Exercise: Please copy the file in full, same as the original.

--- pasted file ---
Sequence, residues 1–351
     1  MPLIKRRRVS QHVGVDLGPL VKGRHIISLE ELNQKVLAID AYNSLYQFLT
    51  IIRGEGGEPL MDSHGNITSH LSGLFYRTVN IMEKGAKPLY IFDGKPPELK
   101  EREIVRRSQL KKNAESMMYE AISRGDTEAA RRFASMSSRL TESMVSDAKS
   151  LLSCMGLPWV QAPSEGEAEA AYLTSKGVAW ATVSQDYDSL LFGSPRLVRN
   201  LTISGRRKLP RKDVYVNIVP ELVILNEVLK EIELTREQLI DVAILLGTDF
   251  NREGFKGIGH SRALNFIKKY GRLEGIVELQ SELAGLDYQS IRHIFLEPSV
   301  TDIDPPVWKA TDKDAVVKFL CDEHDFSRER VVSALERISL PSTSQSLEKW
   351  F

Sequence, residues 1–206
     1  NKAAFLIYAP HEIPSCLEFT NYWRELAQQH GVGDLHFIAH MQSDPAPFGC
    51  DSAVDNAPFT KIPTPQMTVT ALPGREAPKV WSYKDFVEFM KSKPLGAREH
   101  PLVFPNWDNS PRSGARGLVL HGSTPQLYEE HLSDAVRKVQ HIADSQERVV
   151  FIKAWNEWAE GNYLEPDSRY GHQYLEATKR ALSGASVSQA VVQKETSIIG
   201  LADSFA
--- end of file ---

Sequence, residues 1–351
     1  MPLIKRRRVS QHVGVDLGPL VKGRHIISLE ELNQKVLAID AYNSLYQFLT
    51  IIRGEGGEPL MDSHGNITSH LSGLFYRTVN IMEKGAKPLY IFDGKPPELK
   101  EREIVRRSQL KKNAESMMYE AISRGDTEAA RRFASMSSRL TESMVSDAKS
   151  LLSCMGLPWV QAPSEGEAEA AYLTSKGVAW ATVSQDYDSL LFGSPRLVRN
   201  LTISGRRKLP RKDVYVNIVP ELVILNEVLK EIELTREQLI DVAILLGTDF
   251  NREGFKGIGH SRALNFIKKY GRLEGIVELQ SELAGLDYQS IRHIFLEPSV
   301  TDIDPPVWKA TDKDAVVKFL CDEHDFSRER VVSALERISL PSTSQSLEKW
   351  F

Sequence, residues 1–206
     1  NKAAFLIYAP HEIPSCLEFT NYWRELAQQH GVGDLHFIAH MQSDPAPFGC
    51  DSAVDNAPFT KIPTPQMTVT ALPGREAPKV WSYKDFVEFM KSKPLGAREH
   101  PLVFPNWDNS PRSGARGLVL HGSTPQLYEE HLSDAVRKVQ HIADSQERVV
   151  FIKAWNEWAE GNYLEPDSRY GHQYLEATKR ALSGASVSQA VVQKETSIIG
   201  LADSFA